Taylor Swift Put So Many “Old Taylor” References in the “ME!” Music Video

Taylor Swift is notorious for hiding secret messages and clues anywhere and everywhere — in her music videos, song lyrics, album booklets, clothing, merchandise, Instagram captions and photos, Tumblr posts, and more. If it involves a visual or written form of expression, Taylor has probably cemented a clue, or 13, or 113. She hinted at her April 26 announcement well before declaring it: Her 26th lesson in her “30 Things I Learned Before Turning 30″ essay was about how much she loves countdowns. Not to mention the fact that 4 26 = 30.

In addition to her obsession with numerology, Taylor is an artist who celebrates her history, often weaving references to her past work into her present. That holds true for her newest single with Panic! At the Disco’s Brendon Urie and its music video for “ME!,” a fantastical pastel dream that has almost as many subtle hints to her life as her infamous Reputation lead single, “Look What You Made Me Do.” Here are all the past homages to Old Taylor we noticed in the theatrical video for “ME!”

Country Music and Its Political Pioneers

Country icons the Dixie Chicks get an early cameo in the music video for “ME!” — they’re in a painting that is surrounded by paintings of actual chicks, which Taylor hinted at days before the song and video release by posting a photo of said “cool chicks” on her Instagram.

There are a couple good reasons for the reference: Taylor famously kept her political views private until a few months ago, when she announced her support for Tennessee Democrats during the midterm elections. The Dixie Chicks also have a complicated history with activism, dating back to when member Natalie Maines spoke out against President George W. Bush in the early 2000s. The group’s music was subsequently banned from many country radio stations, taking a toll on the band’s career.

Taylor has also always been a fan of theirs; she even said in a 2008 interview that when she first went to Nashville to visit record labels to start her music career, she provided demo CDs of herself covering songs from various artists, including the Dixie Chicks.

Screenshot: YouTube

The Infamous Snake Motif

In the first few seconds of the “ME!” video, a colorful snake appears, harkening back to the days of Kim Kardashian and Kanye West feuds and Reputation-era messaging. But the snake in the beginning of the “ME!” video never actually bites; it turns into a swarm of butterflies before any damage can be done.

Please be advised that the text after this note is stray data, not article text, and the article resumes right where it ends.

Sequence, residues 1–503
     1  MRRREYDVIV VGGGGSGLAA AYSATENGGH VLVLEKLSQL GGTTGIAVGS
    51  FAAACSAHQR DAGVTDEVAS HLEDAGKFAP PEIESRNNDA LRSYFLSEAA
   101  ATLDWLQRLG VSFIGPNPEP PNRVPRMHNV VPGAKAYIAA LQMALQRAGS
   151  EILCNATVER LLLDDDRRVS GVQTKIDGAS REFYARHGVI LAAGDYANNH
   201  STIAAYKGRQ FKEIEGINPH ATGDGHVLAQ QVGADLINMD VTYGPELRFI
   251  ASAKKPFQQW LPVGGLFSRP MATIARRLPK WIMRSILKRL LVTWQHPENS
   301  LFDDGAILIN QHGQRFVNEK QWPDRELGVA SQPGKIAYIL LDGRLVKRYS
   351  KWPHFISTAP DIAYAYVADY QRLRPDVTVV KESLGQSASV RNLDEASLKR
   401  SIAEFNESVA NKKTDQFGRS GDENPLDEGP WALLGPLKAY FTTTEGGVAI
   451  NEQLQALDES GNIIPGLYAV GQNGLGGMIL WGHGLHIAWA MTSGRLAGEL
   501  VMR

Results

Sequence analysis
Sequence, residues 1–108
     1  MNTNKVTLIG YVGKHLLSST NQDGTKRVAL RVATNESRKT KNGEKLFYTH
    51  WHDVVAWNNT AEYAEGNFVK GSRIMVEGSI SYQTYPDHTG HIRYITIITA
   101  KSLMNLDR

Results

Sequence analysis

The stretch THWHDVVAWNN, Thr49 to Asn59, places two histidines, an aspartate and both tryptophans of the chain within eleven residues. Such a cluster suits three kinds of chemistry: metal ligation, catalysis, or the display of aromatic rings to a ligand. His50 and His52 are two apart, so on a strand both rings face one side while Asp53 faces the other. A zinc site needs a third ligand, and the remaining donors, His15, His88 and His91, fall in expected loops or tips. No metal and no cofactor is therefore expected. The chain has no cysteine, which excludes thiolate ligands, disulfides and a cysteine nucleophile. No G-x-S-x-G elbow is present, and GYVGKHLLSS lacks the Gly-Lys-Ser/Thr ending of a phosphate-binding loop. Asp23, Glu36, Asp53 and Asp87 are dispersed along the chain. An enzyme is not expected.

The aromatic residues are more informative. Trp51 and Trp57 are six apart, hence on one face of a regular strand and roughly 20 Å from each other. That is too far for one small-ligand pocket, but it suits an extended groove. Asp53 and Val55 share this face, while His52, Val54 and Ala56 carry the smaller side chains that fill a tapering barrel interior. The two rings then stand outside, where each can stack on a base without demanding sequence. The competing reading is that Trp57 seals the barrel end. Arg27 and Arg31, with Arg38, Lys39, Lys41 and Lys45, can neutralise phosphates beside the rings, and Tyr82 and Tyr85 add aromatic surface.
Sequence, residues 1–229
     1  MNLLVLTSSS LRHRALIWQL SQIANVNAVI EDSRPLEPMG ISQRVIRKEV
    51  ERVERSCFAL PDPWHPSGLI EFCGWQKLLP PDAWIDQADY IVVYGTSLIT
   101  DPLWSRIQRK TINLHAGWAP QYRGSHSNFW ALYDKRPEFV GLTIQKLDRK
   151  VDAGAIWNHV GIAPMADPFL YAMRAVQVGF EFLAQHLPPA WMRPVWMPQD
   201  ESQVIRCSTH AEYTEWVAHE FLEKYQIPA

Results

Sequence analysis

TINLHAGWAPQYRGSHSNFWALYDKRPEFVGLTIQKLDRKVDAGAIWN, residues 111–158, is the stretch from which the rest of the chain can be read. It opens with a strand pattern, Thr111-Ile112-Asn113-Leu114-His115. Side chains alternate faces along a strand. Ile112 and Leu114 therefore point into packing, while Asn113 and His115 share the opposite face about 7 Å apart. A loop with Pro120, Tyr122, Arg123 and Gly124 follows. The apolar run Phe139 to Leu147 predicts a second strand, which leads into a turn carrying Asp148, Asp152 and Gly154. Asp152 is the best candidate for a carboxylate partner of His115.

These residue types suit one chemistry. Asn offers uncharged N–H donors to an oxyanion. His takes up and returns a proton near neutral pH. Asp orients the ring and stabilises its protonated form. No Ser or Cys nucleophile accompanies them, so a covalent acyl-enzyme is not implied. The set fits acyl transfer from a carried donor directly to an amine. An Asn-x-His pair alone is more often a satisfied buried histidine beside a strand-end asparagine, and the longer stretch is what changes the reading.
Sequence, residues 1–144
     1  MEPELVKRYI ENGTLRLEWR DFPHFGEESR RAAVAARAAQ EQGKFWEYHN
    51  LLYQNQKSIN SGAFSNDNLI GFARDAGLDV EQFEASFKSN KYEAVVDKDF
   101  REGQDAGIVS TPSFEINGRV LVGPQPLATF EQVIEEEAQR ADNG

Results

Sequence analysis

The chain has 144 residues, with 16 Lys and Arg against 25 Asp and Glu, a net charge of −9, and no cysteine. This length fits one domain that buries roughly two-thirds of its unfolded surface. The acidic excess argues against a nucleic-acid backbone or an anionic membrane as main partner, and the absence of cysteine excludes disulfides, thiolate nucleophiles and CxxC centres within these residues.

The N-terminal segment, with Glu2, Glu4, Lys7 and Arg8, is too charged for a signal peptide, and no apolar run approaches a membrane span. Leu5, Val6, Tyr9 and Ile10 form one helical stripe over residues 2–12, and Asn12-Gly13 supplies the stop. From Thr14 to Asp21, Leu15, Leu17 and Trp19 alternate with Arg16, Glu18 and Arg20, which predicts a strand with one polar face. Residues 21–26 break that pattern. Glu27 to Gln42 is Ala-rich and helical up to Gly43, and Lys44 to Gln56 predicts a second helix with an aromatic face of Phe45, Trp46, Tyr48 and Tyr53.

It seems to communicate that Taylor knew all this time that Reputation was just a temporary version of herself where she had to present herself as this tough snake, but even now, that snake is pink, not the dark, giant, scaly snake (known as Karyn) that we saw on the Reputation tour. Now Taylor is free to be herself and fly away after her temporary reptilian transformation.

The Rebuilt, Reimagined Castle

Taylor Swift is now back in her castle, and it’s better than it ever was. On Reputation track “Call It What You Want,” she sings, “My castle crumbled overnight.” In “Look What You Made Me Do,” Taylor proclaims, “I don’t like your kingdom keys / They once belonged to me.” But in her newest music video, her castle (and thus her old self) are firmly back in her possession. We see a giant rainbow castle toward the end of the video, in addition to the re-created “LWYMMD” steps and atrium that are now brightly lit and full of color.

An Iconic Phone (or Two)

One especially memorable line from “ME!” goes, “I know that I went psycho on the phone.” In the video, she rushes by a cloud with a pink phone on it. The reference is clearly “LWYMMD”: “The old Taylor can’t come to the phone right now. Why? Because she’s dead.” But it also nods to the vintage-style pink phone in the video for “Our Song.” Now she’s moved past the drama of old, dead Taylor and also remembers her history, including the iconic early songs of her career.

Read More

Leave a Comment